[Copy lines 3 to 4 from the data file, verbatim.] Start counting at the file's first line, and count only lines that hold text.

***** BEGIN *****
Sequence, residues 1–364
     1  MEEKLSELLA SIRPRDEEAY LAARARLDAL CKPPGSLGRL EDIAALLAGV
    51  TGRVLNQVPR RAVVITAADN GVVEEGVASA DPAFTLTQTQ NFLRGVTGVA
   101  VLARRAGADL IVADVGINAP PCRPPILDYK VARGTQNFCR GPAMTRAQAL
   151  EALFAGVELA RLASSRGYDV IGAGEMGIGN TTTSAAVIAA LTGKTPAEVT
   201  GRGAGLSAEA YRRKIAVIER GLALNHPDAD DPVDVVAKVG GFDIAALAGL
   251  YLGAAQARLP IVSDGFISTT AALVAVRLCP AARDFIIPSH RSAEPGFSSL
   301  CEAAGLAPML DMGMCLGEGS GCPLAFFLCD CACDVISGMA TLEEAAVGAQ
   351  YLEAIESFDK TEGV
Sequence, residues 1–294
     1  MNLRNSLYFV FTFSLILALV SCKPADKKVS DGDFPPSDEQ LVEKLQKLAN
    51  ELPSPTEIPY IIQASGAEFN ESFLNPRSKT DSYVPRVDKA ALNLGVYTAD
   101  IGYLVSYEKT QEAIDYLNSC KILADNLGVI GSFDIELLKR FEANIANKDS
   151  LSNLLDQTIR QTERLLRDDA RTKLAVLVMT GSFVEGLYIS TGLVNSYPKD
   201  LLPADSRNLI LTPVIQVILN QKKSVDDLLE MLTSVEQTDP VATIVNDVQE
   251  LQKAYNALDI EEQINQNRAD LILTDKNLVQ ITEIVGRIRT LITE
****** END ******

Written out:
    51  TGRVLNQVPR RAVVITAADN GVVEEGVASA DPAFTLTQTQ NFLRGVTGVA
   101  VLARRAGADL IVADVGINAP PCRPPILDYK VARGTQNFCR GPAMTRAQAL